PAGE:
Yvette Fornelli suffered a life-threatening injury from a tiny bristle from a barbecue brush. Tim Collins/Victoria News

Victoria woman alerts public about dangers of stray BBQ brush wires

Bristle in food leads serious intestinal surgery

Tim Collins/Victoria News

The bits of metal are tiny, but if ingested and left untreated they can cause serious injury and even death. And most of us will risk being exposed to them this summer.

They are the bristles on your barbecue brush. Less than half a centimetre long and very thin, they can become loose over time, dislodge from the brush and get stuck to the grill during cleaning. If transferred to food and swallowed, the sharp bits of wire can get stuck in the mouth, esophagus, stomach or intestine where they can puncture the intestinal wall and become a grave risk to your health.

That’s what happened to Yvette Fornelli on June 9. She found herself in excruciating pain and made her way to the emergency department of Royal Jubilee Hospital. Two CT scans and 27 hours later, Fornelli was in surgery, where she had a three-cm section of her small intestine removed to repair the damage.

“The surgeon still wasn’t certain what it was that had punctured the intestine, but they sent the material to the pathology lab, where they confirmed that it was a tiny piece of wire from the barbecue brush,” she said.

Fornelli is facing weeks of recovery and wonders why more isn’t done to warn the public of this serious hazard.

The threat posed by wire barbecue brushes has been known for years. But beyond the occasional warning from government agencies to check brushes for wear, and an industry accommodation that has placed small warning labels on some (not all) new BBQ brushes, there has been little or no action in response to the threat; this despite numerous studies indicating the severity of the risk.

In one such study, published in the medical journal, Otolaryngology – Head and Neck Surgery, it was reported that between 2002 and 2014 an estimated 1,700-plus Americans attended emergency departments as a result of wire brush injuries. That number may well be much higher, it went on to say, as the injury isn’t regularly classified and tracked. Not only that, the statistics did not include clinics and regular doctor’s offices.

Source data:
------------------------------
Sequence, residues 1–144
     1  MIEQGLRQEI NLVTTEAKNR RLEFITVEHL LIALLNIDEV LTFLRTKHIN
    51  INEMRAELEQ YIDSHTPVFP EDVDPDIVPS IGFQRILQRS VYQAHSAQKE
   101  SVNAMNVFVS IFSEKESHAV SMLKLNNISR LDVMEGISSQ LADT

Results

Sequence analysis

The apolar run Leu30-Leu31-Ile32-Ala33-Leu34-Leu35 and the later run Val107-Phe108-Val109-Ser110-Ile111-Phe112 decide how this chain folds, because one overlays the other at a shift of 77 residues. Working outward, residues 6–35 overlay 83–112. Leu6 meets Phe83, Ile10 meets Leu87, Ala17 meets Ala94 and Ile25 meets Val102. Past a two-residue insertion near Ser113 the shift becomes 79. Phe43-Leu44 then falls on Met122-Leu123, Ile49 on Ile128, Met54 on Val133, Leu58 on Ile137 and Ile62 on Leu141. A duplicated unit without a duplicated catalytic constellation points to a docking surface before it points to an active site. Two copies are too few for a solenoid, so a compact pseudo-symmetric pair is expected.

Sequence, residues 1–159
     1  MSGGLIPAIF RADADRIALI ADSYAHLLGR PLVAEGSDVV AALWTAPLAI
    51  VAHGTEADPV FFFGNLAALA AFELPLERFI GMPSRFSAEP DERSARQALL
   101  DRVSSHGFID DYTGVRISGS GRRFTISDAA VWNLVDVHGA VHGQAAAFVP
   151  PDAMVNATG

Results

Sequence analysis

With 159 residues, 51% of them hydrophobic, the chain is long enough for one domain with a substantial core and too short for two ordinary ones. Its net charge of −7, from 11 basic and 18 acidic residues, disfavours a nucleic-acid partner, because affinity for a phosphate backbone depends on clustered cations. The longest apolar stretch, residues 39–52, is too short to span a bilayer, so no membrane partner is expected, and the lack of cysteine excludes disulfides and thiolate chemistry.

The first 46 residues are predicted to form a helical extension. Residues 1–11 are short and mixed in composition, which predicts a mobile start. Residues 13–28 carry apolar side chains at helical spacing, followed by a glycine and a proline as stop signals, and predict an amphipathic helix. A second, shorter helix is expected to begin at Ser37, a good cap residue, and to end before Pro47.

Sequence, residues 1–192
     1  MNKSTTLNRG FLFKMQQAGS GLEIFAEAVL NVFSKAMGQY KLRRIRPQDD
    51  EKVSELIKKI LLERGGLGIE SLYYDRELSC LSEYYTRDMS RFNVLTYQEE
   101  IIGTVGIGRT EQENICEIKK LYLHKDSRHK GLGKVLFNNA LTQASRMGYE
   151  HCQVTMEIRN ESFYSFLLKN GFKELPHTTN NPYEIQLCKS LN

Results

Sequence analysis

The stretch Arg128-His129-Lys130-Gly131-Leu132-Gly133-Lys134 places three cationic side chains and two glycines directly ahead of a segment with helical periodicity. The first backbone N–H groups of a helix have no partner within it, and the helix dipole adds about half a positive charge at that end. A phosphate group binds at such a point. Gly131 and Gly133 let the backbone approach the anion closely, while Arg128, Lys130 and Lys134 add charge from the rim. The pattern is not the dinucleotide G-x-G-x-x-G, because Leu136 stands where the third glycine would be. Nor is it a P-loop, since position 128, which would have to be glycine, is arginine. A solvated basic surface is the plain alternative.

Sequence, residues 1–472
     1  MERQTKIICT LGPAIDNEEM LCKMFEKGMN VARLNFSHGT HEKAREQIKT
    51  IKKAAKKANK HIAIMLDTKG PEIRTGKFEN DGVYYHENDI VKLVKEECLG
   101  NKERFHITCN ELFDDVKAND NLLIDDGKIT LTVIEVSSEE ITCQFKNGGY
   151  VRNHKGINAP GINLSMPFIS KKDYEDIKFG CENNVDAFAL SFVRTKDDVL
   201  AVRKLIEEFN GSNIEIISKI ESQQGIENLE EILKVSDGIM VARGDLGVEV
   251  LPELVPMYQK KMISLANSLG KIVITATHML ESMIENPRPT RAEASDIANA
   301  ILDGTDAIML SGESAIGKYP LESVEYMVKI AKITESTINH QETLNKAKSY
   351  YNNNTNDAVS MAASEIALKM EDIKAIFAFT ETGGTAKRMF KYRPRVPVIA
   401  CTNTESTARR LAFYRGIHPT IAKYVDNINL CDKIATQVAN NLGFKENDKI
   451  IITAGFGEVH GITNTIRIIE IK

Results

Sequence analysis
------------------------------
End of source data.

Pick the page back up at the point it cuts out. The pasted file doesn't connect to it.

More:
A Government of Canada web page warns of the hazard in a small section on barbecue safety, but does not advise people to refrain from using the brushes. The Canadian Society of Otolaryngology has gone further, in 2016 advising people to rid themselves of the brushes.

“Why do they keep selling these things when they know they’re a hazard? People should just throw them away,” said Fornelli. “And stores shouldn’t sell them.”

After hearing from the Victoria News, Island Health representative Meribeth Burton reached out to Dr. Samaad Malik, Fornelli’s surgeon, who confirmed the cause of her injury as “a perforation caused by a BBQ brush bristle.”

He went on to write, “These bristles are often fine and small, and when ingested can be difficult to identify and locate. In cases like this, patients present with abdominal pain and the object can only be discovered through a CT scan.”

Island Health plans to include a warning about the brushes in its summer safety checklist. Options to the wire BBQ brush include:

• pumice stones or grill stones

• nylon bristle brushes (for use on cold surfaces)

• wooden scrapers

• crumpled aluminum foil (careful not to burn your hand)

• any of a number of specialty scrapers and cleaning tools available at hardware outlets

If cleaning your grill while hot, ensure that whatever tool you use has a long enough handle to protect you from burns. If you’re still intent on using a wire brush to clean your grill, inspect the brush before using and if any bristles are loose, discard it immediately.

editor@vicnews.com

Just Posted

BC SPCA proposes fines for animal mistreatment, reduction in commercial trade

Animal welfare group’s ideas brought to Victoria councillors

Trial date delayed in case of slain Oak Bay sisters

Case of Andrew Berry, charged in deaths of daughters, will reconvene in three weeks

School’s on today, more snow expected across Greater Victoria

Environment Canada says more snow could fall Friday

New Victoria graving dock will offer high-paying jobs

New facility will reuse and treat any water required for repair process

Duncan family says care home switched mom’s cat with robot cat

Staff alleged to have said they were taking cat for bath, then replaced her with robotic stuffed toy

VIDEO: B.C. superfans soak in 2018 PyeongChang Olympics

Trio, including two from the Okanagan, have been cheering on Summerland Olympian Kripps among others in Korea

How to keep local news visible in your Facebook feed

Facebook has changed the news feed to emphasize personal connections. You might see less news.

Tofino Bus will cover Victoria–Nanaimo route after Greyhound announces cut

Although its name says ‘Tofino’, this bus company serves all of Vancouver Island

Northern B.C. short 121 registered nurses: report

Auditor General says officials need to improve internal management, track effect of new policies

B.C. businesses say new health tax will raise prices for consumers

Province announced that MSP will be gone by 2020

Barnful of ducks die in early morning blaze

The cause of the fire is unknown

B.C. speculation tax applies to out-of-province homeowners

Albertans with Okanagan, Island properties hit, Kootenays could come later

Indigenous elders share history with Ladysmith students

‘Our kids learning their history through elders is nothing that we can find in our textbooks’

It’s quietly business as usual for the E&N

Waiting game continues in quest for direction on service ceased since 2011

Most Read